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WWE Hall of Famer Christian Slater is facing a number of legal actions after being caught filming a video of himself doing what he said was a religious act in his home in the United Kingdom.

In a video uploaded on Monday to Facebook, Slater appeared to hold up a crucifix and the words ‘The Lord is my strength and my strength is my Lord’ in the UK, where the UK has no laws banning the use of symbols or words deemed offensive.

A number of UK media outlets reported that the video was taken on the eve of the crucifixion of the Lord Jesus Christ.

The WWE Network has confirmed that Slater has been suspended indefinitely and the network has issued a statement condemning the incident and the actions of Slater.

“We are deeply disappointed by the actions displayed by Mr Slater and the disrespect shown towards our fans,” the statement reads.

“We are working closely with our legal counsel to review this matter.”

In a statement posted on Tuesday, the WWE Network said Slater had been suspended from his duties as a professional wrestler.

“After careful consideration of the video and its context, WWE has terminated Mr Slater’s employment pending the outcome of the relevant investigation,” the company said.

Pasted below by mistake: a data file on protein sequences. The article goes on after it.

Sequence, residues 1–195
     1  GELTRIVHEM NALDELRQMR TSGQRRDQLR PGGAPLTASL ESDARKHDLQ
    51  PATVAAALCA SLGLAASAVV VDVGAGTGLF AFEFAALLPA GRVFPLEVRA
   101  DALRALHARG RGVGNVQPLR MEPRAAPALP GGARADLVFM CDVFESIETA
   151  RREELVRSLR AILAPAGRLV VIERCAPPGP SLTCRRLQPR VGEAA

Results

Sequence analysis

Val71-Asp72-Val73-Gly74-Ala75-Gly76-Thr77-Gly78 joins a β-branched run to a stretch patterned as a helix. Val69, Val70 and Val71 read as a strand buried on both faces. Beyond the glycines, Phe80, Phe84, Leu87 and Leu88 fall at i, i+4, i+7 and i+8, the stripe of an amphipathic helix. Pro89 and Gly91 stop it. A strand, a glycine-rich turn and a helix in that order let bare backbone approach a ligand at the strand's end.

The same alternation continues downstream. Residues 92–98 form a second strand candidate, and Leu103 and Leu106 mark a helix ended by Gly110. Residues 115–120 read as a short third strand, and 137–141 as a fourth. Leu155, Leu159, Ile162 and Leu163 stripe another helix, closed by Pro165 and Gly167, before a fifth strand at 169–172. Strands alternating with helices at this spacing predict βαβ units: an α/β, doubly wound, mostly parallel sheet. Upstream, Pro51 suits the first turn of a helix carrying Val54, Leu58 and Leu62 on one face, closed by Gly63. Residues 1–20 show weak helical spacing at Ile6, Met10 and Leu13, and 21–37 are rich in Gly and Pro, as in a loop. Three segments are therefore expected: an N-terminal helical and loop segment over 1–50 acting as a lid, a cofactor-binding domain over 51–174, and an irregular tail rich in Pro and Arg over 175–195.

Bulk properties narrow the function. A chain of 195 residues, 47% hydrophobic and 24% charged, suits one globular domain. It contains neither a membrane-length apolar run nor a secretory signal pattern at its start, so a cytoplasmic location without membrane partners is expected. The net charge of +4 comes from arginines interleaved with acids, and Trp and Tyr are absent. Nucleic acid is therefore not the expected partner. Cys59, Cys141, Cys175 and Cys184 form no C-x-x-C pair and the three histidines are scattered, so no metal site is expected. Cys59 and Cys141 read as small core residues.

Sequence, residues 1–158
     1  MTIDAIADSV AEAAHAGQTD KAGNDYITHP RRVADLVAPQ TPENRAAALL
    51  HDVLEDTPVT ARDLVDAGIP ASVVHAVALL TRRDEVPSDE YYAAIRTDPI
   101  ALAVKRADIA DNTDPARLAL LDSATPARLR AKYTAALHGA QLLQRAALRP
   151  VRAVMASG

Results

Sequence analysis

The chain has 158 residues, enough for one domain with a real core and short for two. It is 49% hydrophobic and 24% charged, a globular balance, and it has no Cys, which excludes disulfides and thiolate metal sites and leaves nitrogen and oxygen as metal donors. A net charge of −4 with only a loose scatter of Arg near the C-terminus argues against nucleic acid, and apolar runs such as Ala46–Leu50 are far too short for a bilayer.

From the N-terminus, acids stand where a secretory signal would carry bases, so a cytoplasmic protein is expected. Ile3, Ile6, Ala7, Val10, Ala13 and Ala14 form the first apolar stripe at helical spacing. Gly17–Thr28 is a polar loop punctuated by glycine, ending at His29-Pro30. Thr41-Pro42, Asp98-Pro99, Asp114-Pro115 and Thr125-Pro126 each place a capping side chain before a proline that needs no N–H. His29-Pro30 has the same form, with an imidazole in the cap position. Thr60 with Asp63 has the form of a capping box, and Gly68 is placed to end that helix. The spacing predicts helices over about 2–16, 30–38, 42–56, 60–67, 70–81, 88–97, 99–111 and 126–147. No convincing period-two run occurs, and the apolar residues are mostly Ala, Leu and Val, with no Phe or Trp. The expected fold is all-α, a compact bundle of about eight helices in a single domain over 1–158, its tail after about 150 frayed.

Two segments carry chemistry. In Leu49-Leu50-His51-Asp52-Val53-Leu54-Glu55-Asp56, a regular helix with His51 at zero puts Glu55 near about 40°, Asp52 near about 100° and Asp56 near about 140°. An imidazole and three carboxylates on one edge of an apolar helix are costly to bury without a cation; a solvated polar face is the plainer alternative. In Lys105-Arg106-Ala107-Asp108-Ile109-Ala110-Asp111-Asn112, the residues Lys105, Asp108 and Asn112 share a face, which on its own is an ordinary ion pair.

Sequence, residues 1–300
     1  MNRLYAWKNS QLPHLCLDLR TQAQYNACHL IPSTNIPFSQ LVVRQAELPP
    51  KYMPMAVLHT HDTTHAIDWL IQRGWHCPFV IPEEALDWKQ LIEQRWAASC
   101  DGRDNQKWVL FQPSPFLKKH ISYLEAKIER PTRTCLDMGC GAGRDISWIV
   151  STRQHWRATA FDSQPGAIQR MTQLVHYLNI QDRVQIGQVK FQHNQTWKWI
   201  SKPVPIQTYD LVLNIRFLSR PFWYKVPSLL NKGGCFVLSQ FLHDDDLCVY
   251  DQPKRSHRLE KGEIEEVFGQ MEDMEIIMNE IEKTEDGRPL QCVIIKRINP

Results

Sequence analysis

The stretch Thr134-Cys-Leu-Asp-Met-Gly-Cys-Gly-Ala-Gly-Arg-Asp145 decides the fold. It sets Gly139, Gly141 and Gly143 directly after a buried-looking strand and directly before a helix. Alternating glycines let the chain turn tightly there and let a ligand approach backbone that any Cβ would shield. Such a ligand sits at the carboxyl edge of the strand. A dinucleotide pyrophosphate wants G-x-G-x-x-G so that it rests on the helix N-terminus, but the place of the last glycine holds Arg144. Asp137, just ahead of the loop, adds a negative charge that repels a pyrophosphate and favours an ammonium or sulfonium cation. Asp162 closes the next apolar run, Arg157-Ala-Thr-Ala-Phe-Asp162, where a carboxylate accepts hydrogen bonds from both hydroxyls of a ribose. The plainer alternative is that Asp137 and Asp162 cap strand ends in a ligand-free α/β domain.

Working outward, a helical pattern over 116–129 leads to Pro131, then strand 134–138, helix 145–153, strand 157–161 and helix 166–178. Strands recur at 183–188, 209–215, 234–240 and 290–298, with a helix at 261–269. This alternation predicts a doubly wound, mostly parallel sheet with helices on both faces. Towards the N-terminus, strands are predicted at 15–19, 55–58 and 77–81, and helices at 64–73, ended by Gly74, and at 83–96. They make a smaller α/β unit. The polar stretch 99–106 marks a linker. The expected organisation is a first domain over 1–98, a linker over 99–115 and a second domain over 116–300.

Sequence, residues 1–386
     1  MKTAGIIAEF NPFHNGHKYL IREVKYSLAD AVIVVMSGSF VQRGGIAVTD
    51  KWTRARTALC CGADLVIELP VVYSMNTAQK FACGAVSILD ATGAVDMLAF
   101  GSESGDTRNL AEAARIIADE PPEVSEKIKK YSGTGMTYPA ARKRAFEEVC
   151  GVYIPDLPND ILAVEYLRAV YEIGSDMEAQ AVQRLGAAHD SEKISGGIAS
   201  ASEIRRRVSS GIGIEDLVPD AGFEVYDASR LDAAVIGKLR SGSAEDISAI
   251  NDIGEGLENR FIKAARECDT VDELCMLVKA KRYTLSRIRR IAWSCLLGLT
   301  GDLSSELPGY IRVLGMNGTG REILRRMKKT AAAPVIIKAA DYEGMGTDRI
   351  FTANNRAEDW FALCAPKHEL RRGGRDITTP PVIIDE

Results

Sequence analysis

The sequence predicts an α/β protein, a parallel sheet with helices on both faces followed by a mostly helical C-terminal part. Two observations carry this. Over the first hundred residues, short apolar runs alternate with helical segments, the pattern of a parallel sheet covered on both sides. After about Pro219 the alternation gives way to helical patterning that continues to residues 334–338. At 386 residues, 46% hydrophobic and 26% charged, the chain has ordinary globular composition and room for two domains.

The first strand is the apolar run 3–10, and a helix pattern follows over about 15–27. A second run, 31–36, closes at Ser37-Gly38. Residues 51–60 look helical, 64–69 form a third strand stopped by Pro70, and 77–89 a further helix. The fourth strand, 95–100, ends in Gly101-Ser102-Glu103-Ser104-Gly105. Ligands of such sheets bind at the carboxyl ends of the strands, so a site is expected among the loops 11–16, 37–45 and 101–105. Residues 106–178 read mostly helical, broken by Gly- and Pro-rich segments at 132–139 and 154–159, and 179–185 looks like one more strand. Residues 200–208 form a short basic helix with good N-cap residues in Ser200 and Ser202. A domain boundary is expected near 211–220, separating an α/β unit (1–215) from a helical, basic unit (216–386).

“This is a very sad day for all of us in WWE and we extend our deepest sympathies to Mr Slater.

The full statement on WWE’s website reads: “We were disappointed by Mr’s actions in a recent video that has caused outrage in the community.

We have terminated Mr’s employment, pending the results of the investigation.

“The video was filmed in a backyard in Leeds, England, where Slater is a regular attendee at events.”

It was very, very provocative.””

I thought, ‘Oh, that’s what Jesus is doing’, so I put it on.

It was very, very provocative.”

The clip was uploaded to Facebook by his friend, Christian Gurney, and has since been viewed over 1 million times.

In the clip, Slater is seen holding the crucifix in front of a small crowd of people, with a caption that reads: ‘The people of this country are my people and I want to give them my love and my protection’.

“The people are not my enemy, but the enemies of my people are my enemies,” Slater added.

The video has been viewed more than 7,000 times on Facebook and has drawn criticism from politicians, comedians and religious leaders.

The clip is seen by many as an offensive attack on Christianity, with several US states including Louisiana, Tennessee and Alabama having already passed laws banning Christian symbols from public displays.

In response, the US Congress passed legislation in January that would make it a criminal offence to display or broadcast symbols that could be considered offensive to religion.

In April, a federal judge in Texas blocked the Texas law from going into effect.

In an interview with CNN’s Fareed Zakaria on Monday, Slater said he had been banned from WWE events for a number the years prior because of the controversy surrounding the video.

“It’s been a really, really long time,” Slater said.

“But at this point, it’s just really unfortunate.

You know, I’ve had people say to me, ‘Why don’t you just come back and do a wrestling show?’

And I’m like, ‘Well, if it’s offensive, then I’ll come back’.”